One girl—irish, not a bad creature but very violent and unreasonable gave me warning in the first week because “she could not remain in a house where there were no waterpipes”! she wondered how anybody could expect a servant to stay beside such an inconvenience”!! I told her to depart then by all means the following week by which time I should have found a substitute—and when her day for departure arrived she was as sorry as possible,—told me that her giving warning had been “all along of the neighbourhood putting her up to it—that now she had seen more of the place she liked both the place and the people, and that if her successor went before she got another place she wished I would take her back and give her another trial. This completely convinced me of what I had already often felt persuaded—viz: the mischievous tendency of monthly engagements—if a servant may fly off at a tangent whenever she likes she yields to the first momentary disatisfaction or apprehension which every place under the sun is likely to occasion her plenty of just in the first days—before she has attached herself in any way either to the family or her duties. So I had a servant sent me out of Annandale3 hired on the Scotch principle of having to stay six months—and so broke the spell in my own case. The creature was neither a good woman nor a good servant but she was better than eternal changing— With no other friend here except myself and no money to carry her back to Scotland, and engaged for six months she could not choose but stay and make the best of it—and by the time the first month was over she had animal sense enough to feel that her place was a good place whatever the neighbours might say of it, and I also feeling that I was bound to her for half a year had to make the best of it, in training her to what she did not know and putting up with many little disagreeables, the consequence of all which was that she stayed here for eighteen months and had at last to be sent back to Scotland by vive force 4—so unwilling was she with all her faults to part from me! Helen5 would herself have been off in the first month had she not been tied for six—and here has she been now for seven or eight years on the whole for all our occasional squabblements a great temporal blessing to me—and if she were to go tomorrow the place would now have an excellent name.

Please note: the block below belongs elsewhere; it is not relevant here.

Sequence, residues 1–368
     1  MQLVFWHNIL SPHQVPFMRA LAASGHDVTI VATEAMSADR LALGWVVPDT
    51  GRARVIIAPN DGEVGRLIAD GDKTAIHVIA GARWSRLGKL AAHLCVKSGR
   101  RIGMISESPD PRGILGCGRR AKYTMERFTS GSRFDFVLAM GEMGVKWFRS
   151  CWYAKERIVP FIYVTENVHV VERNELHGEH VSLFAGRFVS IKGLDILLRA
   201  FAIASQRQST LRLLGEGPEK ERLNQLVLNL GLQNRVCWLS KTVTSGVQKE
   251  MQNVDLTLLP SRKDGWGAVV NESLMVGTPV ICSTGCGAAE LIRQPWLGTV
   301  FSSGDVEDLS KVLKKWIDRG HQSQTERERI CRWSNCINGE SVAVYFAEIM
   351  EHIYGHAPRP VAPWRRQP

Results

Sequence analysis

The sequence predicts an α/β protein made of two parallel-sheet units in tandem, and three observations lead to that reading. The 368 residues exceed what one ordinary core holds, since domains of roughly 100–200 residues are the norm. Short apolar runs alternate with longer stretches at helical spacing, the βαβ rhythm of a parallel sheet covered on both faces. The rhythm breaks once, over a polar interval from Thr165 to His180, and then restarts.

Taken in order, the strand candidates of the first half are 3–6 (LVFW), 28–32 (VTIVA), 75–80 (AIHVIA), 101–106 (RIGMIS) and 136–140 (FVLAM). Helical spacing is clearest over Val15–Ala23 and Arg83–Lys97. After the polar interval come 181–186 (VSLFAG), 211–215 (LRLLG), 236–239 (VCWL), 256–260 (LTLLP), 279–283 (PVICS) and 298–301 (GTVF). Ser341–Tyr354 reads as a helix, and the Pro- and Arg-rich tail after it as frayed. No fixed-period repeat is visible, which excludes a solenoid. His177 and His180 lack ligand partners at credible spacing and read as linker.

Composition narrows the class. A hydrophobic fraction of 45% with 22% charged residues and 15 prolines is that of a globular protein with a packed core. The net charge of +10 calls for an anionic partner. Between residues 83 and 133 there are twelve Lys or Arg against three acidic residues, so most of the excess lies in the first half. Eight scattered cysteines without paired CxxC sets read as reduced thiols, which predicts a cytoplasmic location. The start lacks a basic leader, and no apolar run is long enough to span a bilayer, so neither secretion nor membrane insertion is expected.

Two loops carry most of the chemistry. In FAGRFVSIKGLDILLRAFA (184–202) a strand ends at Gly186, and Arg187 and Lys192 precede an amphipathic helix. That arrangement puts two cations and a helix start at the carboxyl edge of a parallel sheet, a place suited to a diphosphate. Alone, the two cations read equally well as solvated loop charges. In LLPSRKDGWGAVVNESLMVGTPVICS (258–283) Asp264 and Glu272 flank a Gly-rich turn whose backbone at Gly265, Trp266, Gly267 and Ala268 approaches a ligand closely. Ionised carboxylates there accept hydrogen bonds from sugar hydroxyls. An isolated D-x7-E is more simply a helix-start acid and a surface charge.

Pondering on all this when I had read your last letter I decided that you should really adopt the same strong measure and bring some one from a distance—hired for a reasonable term—and in a manner dependent on making good her time with you. Of course where there are three—there is a complicacy in this measure, unless the one brought as a regenerating element into the concern had some principle to begin with they6 others might corrupt her even to the extent of inducing her to go away in the teeth of her own interest but with so many plain reasons for staying there would be needed an immense amount of folly in the creature to let herself be so misled—and with one tolerable fixture you might hope to leaven by degrees the whole lump into a state of tolerable fixidity! And now to descend from the theoretical to the practical I know of a servant at this moment whom I myself would feel no hesitation in hiring on a similar speculation